Upsets in Chess | David beats Goliath - 1
Hello everyone! This is IM Srinath Narayanan here, with another interesting column for you. It's the day before weekend, and on this pleasant Friday, I like to share David - Goliath chess stories for you. I am going to be here every Friday with examples of Grandmasters being defeated by much less fancied opponents. Today's my first article in the story, and I hope you'll like it!
King Saul and his army: David don’t go. He’s too big to hit.
David: You’ve got it all wrong. HE’S TOO BIG TO MISS!
Ever had this feeling before a game? Have you ever gone to a game with little hope of winning?
Below, we look at a few examples of a few first round upsets. While the rating difference itself is remarkable, what's more remarkable is that, both Vokhidov and Abdusatturov were just 9 years old at the time of playing this game! Scroll below to witness how it happened!
Hovhannisyan, R(2613) - Vokhidov, Shamsiddin(2063)
8th Agzamov Memorial 2014 2014.05.15
1.c4 e5 2.d3 Nf6 3.Nf3 Nc6 4.a3 d5 5.cxd5 Nxd5 6.e3
This is a reversed scheveningen. One of the important things to look for in openings is the resultant pawn structure. Pawn structures are easy patterns to recognise and it can be used to link various positions from different lines, where the same general rules apply
6... g6 7.Nc3 Bg7 8.Bd2 O-O 9.Be2 b6 10.O-O Bb7 11.Rc1 a5
Despite the game starting out as English opening, we see that both the sides carry out the typical ideas used in Sicilian Nadjorf, fianchetto system. The objective of a5 is to prevent white from playing b4, which helps take control of a lot of squares on the queenside. Taking control of squares in chess is almost like taking control of territories in war.
12.Qc2 Nde7 13.Rfd1 h6
The effect of black's strategy - taking control of important squares has resulted in making the position cramped for white. In order to free the position, white has to make the central break d4 reminiscent to the d5 break in sicilian games. His next moves prepares towards that
14.Nb5 Qd7 15.Bc3 Nf5
Black logically counters white on d4
( 16.d4 is the logical move and might have probably given white a slight edge16... exd4 (16... e4 was perhaps the move white was afraid of during the game. However, here white should not take on e4, but counter attack! 17.d5! ( 17.Qxe4 Ncxd4 now, white cannot take on b7 because of Nxe2+ and Qb5. White can simply go back to c2 on account of the pin on d7, but it's a lot of complicated calculation to do)17... exf3 18.dxc6 Qxc6 19.Bxf3 Qxb5 20.Bxb7 gives white a clear strategic advantage) 17.Nbxd4 Ncxd4 18.Nxd4 +/= White's placement of pieces make sense here. The rooks are well placed to take advantage of the open files, the bishops control important squares and white has a comfortable edge)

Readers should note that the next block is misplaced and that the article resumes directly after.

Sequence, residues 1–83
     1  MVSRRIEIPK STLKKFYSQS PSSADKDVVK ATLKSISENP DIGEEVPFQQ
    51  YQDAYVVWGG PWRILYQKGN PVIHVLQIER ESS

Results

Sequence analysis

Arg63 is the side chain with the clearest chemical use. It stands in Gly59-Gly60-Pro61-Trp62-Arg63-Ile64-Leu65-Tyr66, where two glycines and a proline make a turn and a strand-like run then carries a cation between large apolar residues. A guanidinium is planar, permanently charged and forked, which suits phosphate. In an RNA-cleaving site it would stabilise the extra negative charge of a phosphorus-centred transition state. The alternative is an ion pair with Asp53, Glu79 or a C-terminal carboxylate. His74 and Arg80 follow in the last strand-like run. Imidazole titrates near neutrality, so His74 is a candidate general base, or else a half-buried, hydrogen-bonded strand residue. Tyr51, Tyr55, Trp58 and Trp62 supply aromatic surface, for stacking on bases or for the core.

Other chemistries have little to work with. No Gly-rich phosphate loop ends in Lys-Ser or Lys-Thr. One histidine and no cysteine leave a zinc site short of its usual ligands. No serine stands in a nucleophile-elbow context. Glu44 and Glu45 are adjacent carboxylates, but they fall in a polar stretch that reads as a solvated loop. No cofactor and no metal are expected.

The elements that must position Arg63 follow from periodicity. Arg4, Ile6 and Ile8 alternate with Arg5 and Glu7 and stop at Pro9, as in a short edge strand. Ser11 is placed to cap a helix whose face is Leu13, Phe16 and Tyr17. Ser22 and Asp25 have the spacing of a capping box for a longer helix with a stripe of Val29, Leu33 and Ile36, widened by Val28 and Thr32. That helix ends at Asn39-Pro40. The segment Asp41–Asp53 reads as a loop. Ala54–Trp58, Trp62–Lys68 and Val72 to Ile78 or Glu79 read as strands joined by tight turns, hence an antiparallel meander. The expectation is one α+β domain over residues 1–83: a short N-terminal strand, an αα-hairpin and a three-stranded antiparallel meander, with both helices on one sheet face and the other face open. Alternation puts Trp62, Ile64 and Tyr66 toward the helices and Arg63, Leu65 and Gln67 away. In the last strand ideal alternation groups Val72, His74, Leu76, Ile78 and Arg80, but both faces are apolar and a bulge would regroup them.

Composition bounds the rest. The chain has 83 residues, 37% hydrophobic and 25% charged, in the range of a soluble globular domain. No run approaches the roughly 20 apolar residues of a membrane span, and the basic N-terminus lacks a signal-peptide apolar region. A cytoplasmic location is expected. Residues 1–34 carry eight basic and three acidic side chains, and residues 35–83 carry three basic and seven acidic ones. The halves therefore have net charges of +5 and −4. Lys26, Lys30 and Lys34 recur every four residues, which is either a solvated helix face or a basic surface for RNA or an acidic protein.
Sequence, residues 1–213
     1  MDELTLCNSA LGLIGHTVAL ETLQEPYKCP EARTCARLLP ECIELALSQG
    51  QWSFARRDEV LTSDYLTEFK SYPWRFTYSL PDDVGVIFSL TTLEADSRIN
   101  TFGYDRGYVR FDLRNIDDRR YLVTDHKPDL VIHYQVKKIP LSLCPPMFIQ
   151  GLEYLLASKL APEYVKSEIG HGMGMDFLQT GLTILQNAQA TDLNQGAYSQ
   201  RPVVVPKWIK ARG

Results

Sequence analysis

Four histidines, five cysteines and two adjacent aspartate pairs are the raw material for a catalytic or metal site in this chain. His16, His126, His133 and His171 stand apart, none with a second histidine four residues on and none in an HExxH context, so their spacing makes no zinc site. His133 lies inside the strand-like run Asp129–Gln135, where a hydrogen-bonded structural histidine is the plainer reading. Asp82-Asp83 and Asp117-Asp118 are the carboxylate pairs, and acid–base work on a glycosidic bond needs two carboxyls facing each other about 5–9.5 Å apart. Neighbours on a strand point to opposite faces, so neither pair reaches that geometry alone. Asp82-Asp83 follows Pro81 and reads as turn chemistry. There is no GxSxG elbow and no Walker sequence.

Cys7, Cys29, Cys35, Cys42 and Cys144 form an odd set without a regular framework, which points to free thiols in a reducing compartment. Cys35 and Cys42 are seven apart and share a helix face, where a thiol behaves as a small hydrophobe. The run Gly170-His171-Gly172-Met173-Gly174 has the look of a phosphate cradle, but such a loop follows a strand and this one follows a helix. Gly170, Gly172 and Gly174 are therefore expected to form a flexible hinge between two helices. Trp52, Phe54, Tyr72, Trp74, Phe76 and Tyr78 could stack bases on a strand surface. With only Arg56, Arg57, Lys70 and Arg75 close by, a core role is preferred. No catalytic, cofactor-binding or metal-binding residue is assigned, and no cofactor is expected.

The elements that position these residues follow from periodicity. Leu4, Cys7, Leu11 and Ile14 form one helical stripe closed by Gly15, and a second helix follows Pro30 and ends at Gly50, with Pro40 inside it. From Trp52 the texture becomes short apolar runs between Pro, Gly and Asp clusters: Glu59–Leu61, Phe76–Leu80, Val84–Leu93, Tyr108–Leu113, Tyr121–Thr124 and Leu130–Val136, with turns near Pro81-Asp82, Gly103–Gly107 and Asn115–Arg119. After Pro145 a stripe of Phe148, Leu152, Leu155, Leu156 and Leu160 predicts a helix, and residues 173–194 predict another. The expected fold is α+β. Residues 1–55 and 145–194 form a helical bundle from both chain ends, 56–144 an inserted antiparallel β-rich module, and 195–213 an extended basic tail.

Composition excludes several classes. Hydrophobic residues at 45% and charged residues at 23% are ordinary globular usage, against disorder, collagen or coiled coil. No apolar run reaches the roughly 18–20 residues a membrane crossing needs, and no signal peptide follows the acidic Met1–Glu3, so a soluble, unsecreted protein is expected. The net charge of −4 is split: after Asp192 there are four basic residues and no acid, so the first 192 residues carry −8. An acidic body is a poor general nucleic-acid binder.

16... Nfd4 17.Nbxd4 exd4
Black's main problem is the c7 pawn. White aims to pressurise black's position with b4-b5. However, this can be defended easily. The difference in activity of white's pieces after d4 and after e4 can be quite easily seen by using the gameviewer
18.Be1 Rac8 19.b4 axb4 20.axb4 f5
This move has several advantages. With one move, black opens diagonal for the b7 bishop, and files for the f8-rook and d7 queen. If white does not capture on f5, then black gets the d-file
21.exf5 Qxf5 22.Nh4 Qg5 23.g3
White intends to nullify black's presence on the f-file with f4. It's useful for white that he has the tactic Bd2 against Rf4
(23... Qd5 preventing opponent's idea and using the drawback of opponent's previous move 24.f4 Ne5! )
24.f4 Qf6 25.Bf3
White's pieces get some good squares now thanks to the space gaining g3-f4
25... Nd8 26.Be4 Bxe4 27.dxe4
while the d-pawn becomes a paser now, white's e-pawn also becomes a paser
27... Ne6 28.e5 ( 28.b5! This move stops c5, thus preventing black from making d4 a 'connected passed pawn'. Pawns, very much like infantry in real battle, are in general, stronger when together. b5 ensures that the d4 pawn remains vulnerable to attacks. Remember Maximus's quote in the 'battle of Carthage to other foot soldiers? "Whatever comes through those gates, the more we stay together, the stronger our chances of survival")
defending the e5-pawn as black was threatening to take on it as the f1 square was unguarded
black takes advantage of the fact that Qxd4 is met by Nb3 and white is forced to move the queen from e4, which makes e5 vulnerable